Griffen Thorne
by

california cannabis coronavirus covid-19

We just published a post on what cannabis businesses can be doing to stay ahead of the curve with respect to the coronavirus (COVID-19), which is shutting down businesses across the globe. In this post, my goal is to talk about things that California can do to ease the situation for California cannabis companies, all of which have a tough road ahead.
Before jumping into my recommendations, it’s worth noting the obvious: the state is extremely burdened right now and cannabis is probably nowhere near the top of the list of priorities. That said, if the state does nothing with respect to cannabis, the outcome will be that licensed businesses will fail, employees of those businesses will not be paid, and importantly, the illicit market will grow even further out of control. Here are some of my recommendations:

1. Extend Licenses

I don’t want to get too into the weeds on the history of temporary and provisional licenses under MAUCRSA. Needless to say, there are probably thousands of provisional licensees whose licenses expire between May and August 2020. Those businesses should not have to worry about re-applying in the near future. The agencies should just automatically extend all licenses for three to six months. The same goes for all local jurisdictions too.

2. Reduce or Suspend Taxes

Cannabis businesses were having a tough enough time with state taxes before there was a global pandemic. The state can and should temporarily reduce or suspend the cultivation and excise tax requirements to ease financial burdens on already cash-strapped cannabis companies. This would have an immediate effect on the entire cannabis industry. Here too, local jurisdictions should follow suit.

3. Allow Statewide Delivery

With the state closing down all retail food establishments, cannabis businesses should follow suit. Consumption lounges and brick-and-mortar retailers should temporarily cease doing business and the state should do everything in its power to allow them to conduct deliveries, even if such businesses presently don’t do deliveries. The state can adopt emergency regulations that ease the requirements on delivery companies so that brick-and-mortar only retailers can easily use vehicles of their own to deliver cannabis.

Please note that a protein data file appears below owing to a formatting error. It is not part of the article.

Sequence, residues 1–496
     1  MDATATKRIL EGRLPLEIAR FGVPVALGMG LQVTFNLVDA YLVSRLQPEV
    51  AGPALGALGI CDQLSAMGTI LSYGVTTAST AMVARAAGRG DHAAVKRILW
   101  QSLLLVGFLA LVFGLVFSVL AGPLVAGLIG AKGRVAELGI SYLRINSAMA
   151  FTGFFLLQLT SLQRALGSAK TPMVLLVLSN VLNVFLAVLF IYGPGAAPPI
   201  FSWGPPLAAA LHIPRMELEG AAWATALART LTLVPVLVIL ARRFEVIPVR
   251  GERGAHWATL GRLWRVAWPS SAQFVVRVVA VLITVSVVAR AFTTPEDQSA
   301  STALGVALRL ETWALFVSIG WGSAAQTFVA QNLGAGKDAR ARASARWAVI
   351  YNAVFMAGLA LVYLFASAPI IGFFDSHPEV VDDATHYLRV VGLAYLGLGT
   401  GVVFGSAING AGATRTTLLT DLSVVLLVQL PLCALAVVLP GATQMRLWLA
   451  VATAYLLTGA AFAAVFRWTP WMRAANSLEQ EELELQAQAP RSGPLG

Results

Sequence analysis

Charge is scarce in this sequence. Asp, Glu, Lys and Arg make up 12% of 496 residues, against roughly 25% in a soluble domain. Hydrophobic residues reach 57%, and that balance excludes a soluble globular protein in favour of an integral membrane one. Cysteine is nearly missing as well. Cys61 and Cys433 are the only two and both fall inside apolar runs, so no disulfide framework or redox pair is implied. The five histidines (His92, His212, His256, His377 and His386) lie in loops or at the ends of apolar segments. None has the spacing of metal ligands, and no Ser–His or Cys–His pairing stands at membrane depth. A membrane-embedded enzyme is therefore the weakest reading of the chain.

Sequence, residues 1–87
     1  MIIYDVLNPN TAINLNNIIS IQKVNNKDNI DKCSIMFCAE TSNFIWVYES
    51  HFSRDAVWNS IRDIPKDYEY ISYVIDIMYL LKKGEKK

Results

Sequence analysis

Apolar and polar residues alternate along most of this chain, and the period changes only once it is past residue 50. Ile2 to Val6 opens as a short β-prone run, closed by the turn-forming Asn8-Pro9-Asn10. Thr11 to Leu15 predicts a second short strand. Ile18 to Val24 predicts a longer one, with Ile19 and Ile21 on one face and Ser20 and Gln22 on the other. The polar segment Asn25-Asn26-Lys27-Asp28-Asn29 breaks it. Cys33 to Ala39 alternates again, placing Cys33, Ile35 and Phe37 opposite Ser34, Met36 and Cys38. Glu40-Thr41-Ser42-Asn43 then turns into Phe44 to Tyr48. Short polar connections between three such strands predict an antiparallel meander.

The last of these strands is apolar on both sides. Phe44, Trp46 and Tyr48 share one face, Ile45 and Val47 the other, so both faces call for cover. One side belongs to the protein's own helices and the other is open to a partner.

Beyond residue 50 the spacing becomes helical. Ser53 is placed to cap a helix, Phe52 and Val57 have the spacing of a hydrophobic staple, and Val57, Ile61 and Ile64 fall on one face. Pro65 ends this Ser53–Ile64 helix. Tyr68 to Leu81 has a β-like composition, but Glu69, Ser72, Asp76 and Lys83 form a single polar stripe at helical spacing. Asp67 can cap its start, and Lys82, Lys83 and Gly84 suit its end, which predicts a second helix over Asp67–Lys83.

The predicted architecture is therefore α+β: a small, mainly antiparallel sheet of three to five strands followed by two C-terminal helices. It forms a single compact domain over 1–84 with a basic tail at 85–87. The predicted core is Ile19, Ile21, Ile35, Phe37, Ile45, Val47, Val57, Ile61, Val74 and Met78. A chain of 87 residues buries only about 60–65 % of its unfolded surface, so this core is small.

Notably, the Bureau of Cannabis Control (BCC) already allows statewide deliveries despite prohibitions in most cities and counties. Those cities and counties should step up to the plate and take appropriate action to make clear that they will not enforce delivery bans during this time, so that people do not have to be out and about purchasing cannabis.

4. Cut Licensing Fees

State and local agencies collect massive fees for people to apply for and operate cannabis businesses. Medium indoor cultivation licenses, for example, cost nearly $80,000 per year. The state should immediately ease the burden on cannabis companies by significantly reducing license fees throughout the balance of 2020 (and possibly beyond).

5. Keep up Enforcement

The state and local agencies should continue enforcement efforts against unlicensed operators during this time. As noted above, the illicit market is going to be the winner if the government does not step in any help licensed operators. But even help alone won’t be enough if the state allows the illicit market to continue unchecked. Enforcement should continue.

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The Canna Law Blog™ is a forum for discussion about the practical aspects of cannabis law and how it impacts those involved in this growing industry. We will provide insight into how canna businesspeople can use the law to their advantage…

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